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Peterson Companies swaps swimming pool for climbing gym at RIO property

Al Urbanski
RIO SportRock

Peterson Companies, the developer of big mixed-use centers such as National Harbor in D.C., had a big problem. 

Sport & Health vacated its 80,000-sq.-ft., multi-level space at its RIO development in Gaithersburg, Md., that had a slab opening over its swimming pool between its third and fourth floors. The ideal replacement, of course, would have been another big gym, but Peterson’s leasing department was having trouble landing one.

“The leasing team looked under every rock and kissed a lot of frogs… but no luck,” remarked Peterson’s president of retail Paul Weinschenk. 

The team spoke to as many brokers as they could to find a tenant that could fill the space without incurring the great expense to close the slab opening. Then one day a Peterson leasing agent was talking to a rep from a construction management company and told him about the problem.

“Hey, we like to go to the SportRock indoor climbing facility in Alexandria,” said the contractor. “Why not talk to them?”

He did, and ended up conquering Peterson’s mountainous problem. 

“We looked at photos of RIO. It was a massive space. Sixty feet tall with beautiful natural light,”
said SportRock’s director of marketing Jeffrey Shor. “We had a real desire to do something with this space, and Peterson was ahead of the game. We could tell they were proud of the space.”

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The pool stayed in the design. No water, though.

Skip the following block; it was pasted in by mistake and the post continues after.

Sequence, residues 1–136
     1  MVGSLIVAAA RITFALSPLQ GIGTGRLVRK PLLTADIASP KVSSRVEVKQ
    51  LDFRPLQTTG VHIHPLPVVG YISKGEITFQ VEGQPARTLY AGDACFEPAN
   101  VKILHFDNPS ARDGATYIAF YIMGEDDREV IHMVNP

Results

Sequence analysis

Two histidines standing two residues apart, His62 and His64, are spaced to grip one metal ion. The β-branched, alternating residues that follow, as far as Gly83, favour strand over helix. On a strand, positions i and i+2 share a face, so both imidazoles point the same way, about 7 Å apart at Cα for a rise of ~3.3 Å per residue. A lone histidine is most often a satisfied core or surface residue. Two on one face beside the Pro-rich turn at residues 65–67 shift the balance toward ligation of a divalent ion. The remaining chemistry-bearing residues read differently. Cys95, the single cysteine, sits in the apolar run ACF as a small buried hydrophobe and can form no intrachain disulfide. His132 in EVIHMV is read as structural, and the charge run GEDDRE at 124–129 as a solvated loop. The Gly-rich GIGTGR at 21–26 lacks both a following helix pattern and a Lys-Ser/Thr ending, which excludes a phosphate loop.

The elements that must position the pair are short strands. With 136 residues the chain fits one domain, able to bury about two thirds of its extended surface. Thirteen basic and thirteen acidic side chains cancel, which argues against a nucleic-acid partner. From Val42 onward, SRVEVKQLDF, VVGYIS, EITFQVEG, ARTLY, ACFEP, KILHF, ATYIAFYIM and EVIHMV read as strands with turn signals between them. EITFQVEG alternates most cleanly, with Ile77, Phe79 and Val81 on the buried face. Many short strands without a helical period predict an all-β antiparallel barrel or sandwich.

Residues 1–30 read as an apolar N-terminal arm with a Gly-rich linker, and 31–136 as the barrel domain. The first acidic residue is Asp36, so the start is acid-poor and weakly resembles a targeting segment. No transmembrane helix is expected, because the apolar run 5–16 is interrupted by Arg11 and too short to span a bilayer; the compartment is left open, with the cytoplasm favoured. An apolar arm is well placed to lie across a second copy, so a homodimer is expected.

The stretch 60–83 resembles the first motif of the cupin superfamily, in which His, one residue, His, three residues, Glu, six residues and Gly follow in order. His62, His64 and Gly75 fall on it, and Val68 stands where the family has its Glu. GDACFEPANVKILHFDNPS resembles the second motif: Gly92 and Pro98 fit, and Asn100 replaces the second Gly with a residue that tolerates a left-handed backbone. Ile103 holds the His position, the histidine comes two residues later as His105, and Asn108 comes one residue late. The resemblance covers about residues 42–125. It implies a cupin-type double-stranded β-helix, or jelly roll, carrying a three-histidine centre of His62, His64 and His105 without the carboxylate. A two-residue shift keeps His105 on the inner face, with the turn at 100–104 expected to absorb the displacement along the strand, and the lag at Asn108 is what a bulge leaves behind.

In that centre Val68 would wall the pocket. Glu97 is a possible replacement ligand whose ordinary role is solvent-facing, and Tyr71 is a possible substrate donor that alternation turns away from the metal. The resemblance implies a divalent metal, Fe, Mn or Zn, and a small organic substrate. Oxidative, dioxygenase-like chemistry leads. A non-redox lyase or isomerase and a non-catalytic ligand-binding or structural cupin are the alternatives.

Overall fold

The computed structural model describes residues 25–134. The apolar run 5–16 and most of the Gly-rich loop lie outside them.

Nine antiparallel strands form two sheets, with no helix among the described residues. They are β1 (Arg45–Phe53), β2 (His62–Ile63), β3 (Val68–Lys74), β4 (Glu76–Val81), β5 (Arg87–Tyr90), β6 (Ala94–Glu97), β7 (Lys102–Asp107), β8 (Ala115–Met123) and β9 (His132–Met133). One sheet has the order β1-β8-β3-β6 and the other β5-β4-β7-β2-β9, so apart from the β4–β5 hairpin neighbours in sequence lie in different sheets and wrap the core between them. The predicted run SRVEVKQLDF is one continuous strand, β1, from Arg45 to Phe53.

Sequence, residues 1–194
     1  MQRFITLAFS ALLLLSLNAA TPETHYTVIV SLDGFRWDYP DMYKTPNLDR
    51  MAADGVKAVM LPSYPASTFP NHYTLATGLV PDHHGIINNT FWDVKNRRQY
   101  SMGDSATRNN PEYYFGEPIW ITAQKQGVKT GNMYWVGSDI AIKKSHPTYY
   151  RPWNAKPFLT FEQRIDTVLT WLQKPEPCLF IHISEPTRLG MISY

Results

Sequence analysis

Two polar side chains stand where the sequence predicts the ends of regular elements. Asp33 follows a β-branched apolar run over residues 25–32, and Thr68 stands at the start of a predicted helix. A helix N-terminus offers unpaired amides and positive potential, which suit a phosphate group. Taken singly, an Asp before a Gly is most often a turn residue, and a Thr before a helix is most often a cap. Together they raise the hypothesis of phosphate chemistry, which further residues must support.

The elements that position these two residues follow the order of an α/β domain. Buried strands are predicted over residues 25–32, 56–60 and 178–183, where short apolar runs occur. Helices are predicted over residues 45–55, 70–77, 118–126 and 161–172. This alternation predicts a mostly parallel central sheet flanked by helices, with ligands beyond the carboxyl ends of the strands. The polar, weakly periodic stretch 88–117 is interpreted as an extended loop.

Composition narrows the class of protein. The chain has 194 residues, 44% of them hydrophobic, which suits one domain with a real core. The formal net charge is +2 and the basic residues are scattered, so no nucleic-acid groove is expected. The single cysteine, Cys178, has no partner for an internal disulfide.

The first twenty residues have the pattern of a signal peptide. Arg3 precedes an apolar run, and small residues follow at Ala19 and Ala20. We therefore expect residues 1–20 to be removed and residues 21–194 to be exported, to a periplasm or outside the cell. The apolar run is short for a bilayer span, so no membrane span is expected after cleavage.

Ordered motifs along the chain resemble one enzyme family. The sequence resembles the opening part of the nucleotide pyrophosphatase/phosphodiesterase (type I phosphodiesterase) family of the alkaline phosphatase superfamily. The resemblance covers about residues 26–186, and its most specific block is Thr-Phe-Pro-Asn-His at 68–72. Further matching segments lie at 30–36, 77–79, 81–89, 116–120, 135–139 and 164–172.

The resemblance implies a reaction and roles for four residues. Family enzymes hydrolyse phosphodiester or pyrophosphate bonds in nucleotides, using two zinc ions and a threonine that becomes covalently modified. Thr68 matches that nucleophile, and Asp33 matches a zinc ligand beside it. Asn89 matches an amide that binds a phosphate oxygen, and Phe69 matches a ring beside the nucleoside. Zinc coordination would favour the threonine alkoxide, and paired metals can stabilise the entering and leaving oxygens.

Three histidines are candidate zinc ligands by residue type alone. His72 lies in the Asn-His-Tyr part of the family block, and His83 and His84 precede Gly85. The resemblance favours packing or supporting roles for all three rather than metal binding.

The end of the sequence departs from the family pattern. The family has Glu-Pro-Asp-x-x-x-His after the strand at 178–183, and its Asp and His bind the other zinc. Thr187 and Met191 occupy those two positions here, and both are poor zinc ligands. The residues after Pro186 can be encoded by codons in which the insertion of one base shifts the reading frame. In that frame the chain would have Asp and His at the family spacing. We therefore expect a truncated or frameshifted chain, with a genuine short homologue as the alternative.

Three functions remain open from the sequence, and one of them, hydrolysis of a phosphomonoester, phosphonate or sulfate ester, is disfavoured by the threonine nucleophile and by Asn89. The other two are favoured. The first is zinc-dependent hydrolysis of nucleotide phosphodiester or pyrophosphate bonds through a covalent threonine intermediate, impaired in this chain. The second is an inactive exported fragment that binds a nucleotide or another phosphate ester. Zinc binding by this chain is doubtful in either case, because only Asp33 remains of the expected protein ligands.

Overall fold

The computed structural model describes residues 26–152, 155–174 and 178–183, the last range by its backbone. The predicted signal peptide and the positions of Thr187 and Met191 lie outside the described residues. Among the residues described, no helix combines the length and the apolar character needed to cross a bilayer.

“The beauty of the space is that it’s got a lot of clear height, and we were able to remove a portion of the fourth floor in order to capture additional clear height,” Weinschenk said. “It’s a versatile space for SportRock’s purposes.”

The pool itself was kept intact. It was a shallow lap pool with a slight slope that melded with the uneven surface surfaces of a climbing gym. A neon “No Diving” sign was posted next to one of the climbing surfaces.

“We were not going to retro-fit the features. We leaned into it.” said Shor. “We are in the business of creating a community to express themselves physically and having these unique features adds to the experience.”

Shor said the new location is doing a great job of hitting SportRock’s numbers and gaining attention. More than 3,000 people showed up at its opening party. Sport climbing has been added as a competitive category at this year’s Paris Summer Olympics, and RIO’s SportRock has been selected to host the team’s trials in March.

SportRock’s unplanned landing at the mixed-use center has turned out to be serendipitous in another very important way.

“We get a lot of foot traffic from people who’ve never climbed before,” observed Shor. “Climbing gyms end up in a lot of unusual places because of the spaces they need. Often, they’re in industrial parks. At RIO, we get people who woke up one morning and didn’t know they would be climbing that day.”

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